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1zwv, 20 NMR models ()
Activity: Dihydrolipoyllysine-residue (2-methylpropanoyl)transferase, with EC number
Resources: FirstGlance, OCA, RCSB, PDBsum
Coordinates: save as pdb, mmCIF, xml


Solution Structure of the subunit binding domain (hbSBD) of the human mitochondrial branched-chain alpha-ketoacid dehydrogenase

Publication Abstract from PubMed

The homo-24-meric dihydrolipoyl transacylase (E2) scaffold of the human branched-chain alpha-ketoacid dehydrogenase complex (BCKDC) contains the lipoyl-bearing domain (hbLBD), the subunit-binding domain (hbSBD) and the inner core domain that are linked to carry out E2 functions in substrate channeling and recognition. In this study, we employed NMR techniques to determine the structure of hbSBD and dynamics of several truncated constructs from the E2 component of the human BCKDC, including hbLBD (residues 1-84), hbSBD (residues 111-149), and a di-domain (hbDD) (residues 1-166) comprising hbLBD, hbSBD and the interdomain linker. The solution structure of hbSBD consists of two nearly parallel helices separated by a long loop, similar to the structures of the SBD isolated from other species, but it lacks the short 3(10) helix. The NMR results show that the structures of hbLBD and hbSBD in isolated forms are not altered by the presence of the interdomain linker in hbDD. The linker region is not entirely exposed to solvent, where amide resonances associated with approximately 50% of the residues are observable. However, the tethering of these two domains in hbDD significantly retards the overall rotational correlation times of hbLBD and hbSBD, changing from 5.54 ns and 5.73 ns in isolated forms to 8.37 ns and 8.85 ns in the linked hbDD, respectively. We conclude that the presence of the interdomain linker restricts the motional freedom of the hbSBD more significantly than hbLBD, and that the linker region likely exists as a soft rod rather than a flexible string in solution.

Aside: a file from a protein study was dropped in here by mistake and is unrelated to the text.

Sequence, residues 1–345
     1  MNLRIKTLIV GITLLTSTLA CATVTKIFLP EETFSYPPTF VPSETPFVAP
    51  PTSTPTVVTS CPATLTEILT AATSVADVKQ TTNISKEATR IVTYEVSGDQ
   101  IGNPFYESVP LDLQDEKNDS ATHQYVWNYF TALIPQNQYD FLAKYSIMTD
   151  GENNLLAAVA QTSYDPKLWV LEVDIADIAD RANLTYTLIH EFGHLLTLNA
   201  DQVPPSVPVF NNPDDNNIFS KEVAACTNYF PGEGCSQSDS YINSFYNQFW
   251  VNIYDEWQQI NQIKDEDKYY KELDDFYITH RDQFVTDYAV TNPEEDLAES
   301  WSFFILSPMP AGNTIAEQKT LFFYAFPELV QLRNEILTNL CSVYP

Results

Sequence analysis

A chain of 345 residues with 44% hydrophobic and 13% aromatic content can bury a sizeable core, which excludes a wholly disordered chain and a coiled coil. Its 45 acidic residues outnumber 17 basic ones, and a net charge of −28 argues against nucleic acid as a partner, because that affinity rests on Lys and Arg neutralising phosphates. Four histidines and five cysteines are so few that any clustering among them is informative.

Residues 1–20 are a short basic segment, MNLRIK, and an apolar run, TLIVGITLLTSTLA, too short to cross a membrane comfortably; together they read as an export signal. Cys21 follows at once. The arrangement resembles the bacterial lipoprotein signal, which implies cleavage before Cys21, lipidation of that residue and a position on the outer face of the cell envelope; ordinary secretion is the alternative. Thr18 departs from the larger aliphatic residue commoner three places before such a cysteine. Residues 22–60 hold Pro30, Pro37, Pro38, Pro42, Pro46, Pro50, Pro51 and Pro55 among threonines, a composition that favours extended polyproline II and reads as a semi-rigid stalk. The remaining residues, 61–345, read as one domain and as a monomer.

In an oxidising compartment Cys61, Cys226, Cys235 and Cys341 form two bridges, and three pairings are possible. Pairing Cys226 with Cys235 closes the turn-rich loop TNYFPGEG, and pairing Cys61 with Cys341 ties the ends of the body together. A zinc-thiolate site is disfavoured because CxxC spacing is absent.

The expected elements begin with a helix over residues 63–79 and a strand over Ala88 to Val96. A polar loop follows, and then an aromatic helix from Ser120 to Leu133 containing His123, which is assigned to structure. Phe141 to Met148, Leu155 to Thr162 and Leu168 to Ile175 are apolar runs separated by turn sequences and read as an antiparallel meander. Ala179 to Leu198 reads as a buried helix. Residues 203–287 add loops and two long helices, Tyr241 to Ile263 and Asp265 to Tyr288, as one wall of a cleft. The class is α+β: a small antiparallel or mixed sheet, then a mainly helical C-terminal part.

Structure of the subunit binding domain and dynamics of the di-domain region from the core of human branched chain alpha-ketoacid dehydrogenase complex., Chang CF, Chou HT, Lin YJ, Lee SJ, Chuang JL, Chuang DT, Huang TH, J Biol Chem. 2006 Sep 22;281(38):28345-53. Epub 2006 Jul 20. PMID:016861235

From MEDLINE®/PubMed®, a database of the U.S. National Library of Medicine.


[ODB2_HUMAN] Defects in DBT are the cause of maple syrup urine disease type 2 (MSUD2) [MIM:248600]. MSUD is an autosomal recessive disorder characterized by mental and physical retardation, feeding problems, and a maple syrup odor to the urine.[1][2]


[ODB2_HUMAN] The branched-chain alpha-keto dehydrogenase complex catalyzes the overall conversion of alpha-keto acids to acyl-CoA and CO(2). It contains multiple copies of three enzymatic components: branched-chain alpha-keto acid decarboxylase (E1), lipoamide acyltransferase (E2) and lipoamide dehydrogenase (E3).

About this Structure

1zwv is a 1 chain structure with sequence from Homo sapiens. Full experimental information is available from OCA.


  1. Fisher CW, Lau KS, Fisher CR, Wynn RM, Cox RP, Chuang DT. A 17-bp insertion and a Phe215----Cys missense mutation in the dihydrolipoyl transacylase (E2) mRNA from a thiamine-responsive maple syrup urine disease patient WG-34. Biochem Biophys Res Commun. 1991 Jan 31;174(2):804-9. PMID:1847055
  2. Tsuruta M, Mitsubuchi H, Mardy S, Miura Y, Hayashida Y, Kinugasa A, Ishitsu T, Matsuda I, Indo Y. Molecular basis of intermittent maple syrup urine disease: novel mutations in the E2 gene of the branched-chain alpha-keto acid dehydrogenase complex. J Hum Genet. 1998;43(2):91-100. PMID:9621512 doi:10.1007/s100380050047

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